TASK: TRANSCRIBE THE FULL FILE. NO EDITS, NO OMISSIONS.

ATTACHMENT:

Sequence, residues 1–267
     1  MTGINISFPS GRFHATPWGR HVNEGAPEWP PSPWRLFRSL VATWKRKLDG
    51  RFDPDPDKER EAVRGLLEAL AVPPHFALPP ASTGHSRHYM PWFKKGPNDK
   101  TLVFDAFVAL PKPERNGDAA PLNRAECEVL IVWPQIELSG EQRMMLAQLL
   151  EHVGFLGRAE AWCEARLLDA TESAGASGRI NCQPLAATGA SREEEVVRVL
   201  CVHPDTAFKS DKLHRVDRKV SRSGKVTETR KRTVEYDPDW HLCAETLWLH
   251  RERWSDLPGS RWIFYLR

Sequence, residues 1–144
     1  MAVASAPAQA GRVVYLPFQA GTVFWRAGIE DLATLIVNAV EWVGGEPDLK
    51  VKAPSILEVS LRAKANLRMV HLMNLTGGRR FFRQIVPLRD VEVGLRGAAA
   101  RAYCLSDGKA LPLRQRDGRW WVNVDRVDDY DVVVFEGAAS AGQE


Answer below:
Sequence, residues 1–267
     1  MTGINISFPS GRFHATPWGR HVNEGAPEWP PSPWRLFRSL VATWKRKLDG
    51  RFDPDPDKER EAVRGLLEAL AVPPHFALPP ASTGHSRHYM PWFKKGPNDK
   101  TLVFDAFVAL PKPERNGDAA PLNRAECEVL IVWPQIELSG EQRMMLAQLL
   151  EHVGFLGRAE AWCEARLLDA TESAGASGRI NCQPLAATGA SREEEVVRVL
   201  CVHPDTAFKS DKLHRVDRKV SRSGKVTETR KRTVEYDPDW HLCAETLWLH
   251  RERWSDLPGS RWIFYLR

Sequence, residues 1–144
     1  MAVASAPAQA GRVVYLPFQA GTVFWRAGIE DLATLIVNAV EWVGGEPDLK
    51  VKAPSILEVS LRAKANLRMV HLMNLTGGRR FFRQIVPLRD VEVGLRGAAA
   101  RAYCLSDGKA LPLRQRDGRW WVNVDRVDDY DVVVFEGAAS AGQE